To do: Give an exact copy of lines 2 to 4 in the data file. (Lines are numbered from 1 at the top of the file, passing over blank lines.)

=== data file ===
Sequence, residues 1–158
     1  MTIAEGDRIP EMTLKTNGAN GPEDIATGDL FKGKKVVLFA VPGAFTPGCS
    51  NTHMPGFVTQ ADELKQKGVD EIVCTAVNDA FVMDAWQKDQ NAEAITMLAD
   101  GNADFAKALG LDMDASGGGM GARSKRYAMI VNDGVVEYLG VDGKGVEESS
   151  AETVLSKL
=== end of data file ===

     1  MTIAEGDRIP EMTLKTNGAN GPEDIATGDL FKGKKVVLFA VPGAFTPGCS
    51  NTHMPGFVTQ ADELKQKGVD EIVCTAVNDA FVMDAWQKDQ NAEAITMLAD
   101  GNADFAKALG LDMDASGGGM GARSKRYAMI VNDGVVEYLG VDGKGVEESS